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US Stamps

Commemoratives of 1948
-1949

Thirty-two commemorative US stamps were issued between 1948 and 1949, with twenty-five of them issued during 1948.  This was a period of significant national events in America, combined with the anniversaries of important events in American history. 

Looking back into history, there was a lot going on during the first half of the 19th Century.  Some of these important events were new inventions at the beginning of the industrial age, the War of 1812, the Mexican-American War, the addition of vast new territories to the continental United States, and the discovery of gold in California!  And all of them, in one way or another, were commemorated on US stamps during the late 1940's, as their anniversaries came around.

The Famous Americans Issue type US stamps, first issued in 1940, were continued during this period, featuring the recognition of prominent Americans that have made significant contributions in the development of the United States.

From a philatelic point of view, the number of commemorative US stamps issued during 1948 were excessive, with some of the issues being completely unnecessary.  By 1949 though, the U.S. Post Office Department adopted a new policy of issuing between six and twelve new commemorative US stamps each year, a move that was very appreciated by the bulk of US philatelists.


The 3 C. denomination stamp shown above, at the left, was issued on January 24, 1948 to celebrate the 100th Anniversary of the Discovery of Gold in California.

The design of these new US stamps features a depiction of Sutter's Mill in Coloma, California, where gold was discovered on January 24, 1848.  During the next seven years, 300,000 people would travel to California in search of gold.


The 3 C. denomination stamp shown above, at the right, was issued on April 7, 1948 to celebrate the 150th Anniversary of the Establishment of the Mississippi Territory.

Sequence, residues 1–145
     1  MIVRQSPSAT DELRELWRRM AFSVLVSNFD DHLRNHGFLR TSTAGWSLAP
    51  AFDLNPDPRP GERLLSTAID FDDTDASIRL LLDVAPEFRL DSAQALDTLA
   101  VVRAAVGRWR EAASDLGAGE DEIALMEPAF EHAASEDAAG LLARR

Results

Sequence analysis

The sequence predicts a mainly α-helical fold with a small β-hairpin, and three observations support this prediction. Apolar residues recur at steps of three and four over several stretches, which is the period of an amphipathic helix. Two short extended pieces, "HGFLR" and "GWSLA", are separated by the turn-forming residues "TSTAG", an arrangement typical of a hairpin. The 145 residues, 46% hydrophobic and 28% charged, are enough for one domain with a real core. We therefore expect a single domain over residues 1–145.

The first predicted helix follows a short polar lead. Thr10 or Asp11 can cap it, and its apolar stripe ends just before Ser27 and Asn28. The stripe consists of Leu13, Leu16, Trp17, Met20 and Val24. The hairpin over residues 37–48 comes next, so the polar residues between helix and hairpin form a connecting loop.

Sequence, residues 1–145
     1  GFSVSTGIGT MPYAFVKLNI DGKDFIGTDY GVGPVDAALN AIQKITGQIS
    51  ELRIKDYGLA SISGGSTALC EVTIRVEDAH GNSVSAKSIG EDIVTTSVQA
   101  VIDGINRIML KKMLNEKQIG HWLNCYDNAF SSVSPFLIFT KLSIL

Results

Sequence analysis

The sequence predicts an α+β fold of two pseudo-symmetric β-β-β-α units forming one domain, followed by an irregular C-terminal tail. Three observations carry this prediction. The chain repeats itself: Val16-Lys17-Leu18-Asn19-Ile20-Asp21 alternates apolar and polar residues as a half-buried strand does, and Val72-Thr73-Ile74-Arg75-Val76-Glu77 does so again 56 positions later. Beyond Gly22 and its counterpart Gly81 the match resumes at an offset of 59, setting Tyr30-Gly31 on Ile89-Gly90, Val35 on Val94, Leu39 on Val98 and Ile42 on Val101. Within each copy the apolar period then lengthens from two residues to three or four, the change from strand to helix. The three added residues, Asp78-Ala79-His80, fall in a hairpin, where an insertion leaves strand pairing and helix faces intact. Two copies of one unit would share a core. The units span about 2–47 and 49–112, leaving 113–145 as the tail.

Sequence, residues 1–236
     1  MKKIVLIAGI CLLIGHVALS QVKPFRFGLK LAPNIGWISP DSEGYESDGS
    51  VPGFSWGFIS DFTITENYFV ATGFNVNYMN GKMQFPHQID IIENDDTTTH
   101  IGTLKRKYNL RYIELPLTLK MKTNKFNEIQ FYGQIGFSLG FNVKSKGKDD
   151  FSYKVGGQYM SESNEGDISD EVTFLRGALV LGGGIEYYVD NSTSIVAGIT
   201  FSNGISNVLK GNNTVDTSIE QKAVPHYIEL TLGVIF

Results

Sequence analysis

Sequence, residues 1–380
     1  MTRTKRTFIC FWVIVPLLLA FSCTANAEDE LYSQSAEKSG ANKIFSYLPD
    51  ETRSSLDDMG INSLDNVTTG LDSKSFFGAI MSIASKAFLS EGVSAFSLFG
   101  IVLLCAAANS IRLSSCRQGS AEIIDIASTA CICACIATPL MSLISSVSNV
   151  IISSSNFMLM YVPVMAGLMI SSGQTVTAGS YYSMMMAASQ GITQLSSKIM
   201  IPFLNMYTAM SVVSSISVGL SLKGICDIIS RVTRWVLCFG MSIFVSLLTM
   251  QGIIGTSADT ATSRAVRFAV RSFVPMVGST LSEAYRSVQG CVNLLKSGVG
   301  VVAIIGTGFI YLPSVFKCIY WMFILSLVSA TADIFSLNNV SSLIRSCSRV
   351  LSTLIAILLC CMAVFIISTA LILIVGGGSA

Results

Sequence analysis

The design of these new US stamps features a map of Mississippi, the Seal of the Mississippi Territory, and a portrait of Winthrop Sargent (1753-1820), the first Governor of the Mississippi Territory.


The 3 C. denomination stamp shown above, at the left, was issued on May 28, 1948 in memory of the Four Chaplains.

The Four Chaplains (U.S. Army) were Lieutenant George L. Fox (1900-1943), a Protestant Chaplain, Lieutenant Alexander D. Goode (1911-1943), a Jewish Chaplain, Lieutenant John P. Washington (1908-1943), a Catholic Chaplain, and Lieutenant Clark V. Poling (1910-1943), a Protestant Chaplain.  They gave their lives to save other civilian and military personnel, as the troop ship U.S.A.T. Dorchester sank on February 3, 1943.  They helped other soldiers board lifeboats and gave up their own life jackets when the supply ran out.  They joined arms, said prayers, and sang hymns, as they went down with the ship.


The 3 C. denomination stamp shown above, at the right, was issued on May 29, 1948 to celebrate the 100th Anniversary of Wisconsin Statehood.

The design features a map on a scroll and a view of the State Capitol.


The 5 C. denomination stamp shown above, at the left, was issued on June 4, 1948 to commemorate the 100th Anniversary of the arrival of Swedish Pioneers in the Middle West.

The design of these new US stamps depicts a Swedish pioneer, along with a covered wagon, moving West.


The 3 C. denomination stamp shown above, at the right, was issued on July 19, 1948 to commemorate 100 Years of the Progress of American Women.

The stamp features the portraits of Elizabeth Cady Stanton (1815-1902), Carrie Chapman Catt (1859-1947), and Lucretia Mott (1793-1880), leaders in the struggle for women's rights, social reform, abolition, and women's suffrage.


The 3 C. denomination stamp shown above, at the left, was issued on August 2, 1948 to commemorate a Century of Friendship between the United States and Canada.

The design of these new US stamps features the Niagara Railway Suspension Bridge, connecting Niagara Falls, Ontario with Niagara Falls, New York.  The bridge was first used in 1855.  In 1897, the bridge was dismantled, after it had been replaced by a newer bridge.


The 3 C. denomination stamp shown above, at the right, was issued on August 9, 1948 to honor Francis Scott Key.

Francis Scott Key (1779-1843) was a Maryland lawyer and the author of the poem, The Star Spangled Banner (1813), which eventually became the national anthem of the United States.


The 3 C. denomination stamp shown above, at the left, was issued on August 11, 1948 as a salute to the Youth of America and to publicize National Youth Month in September 1948.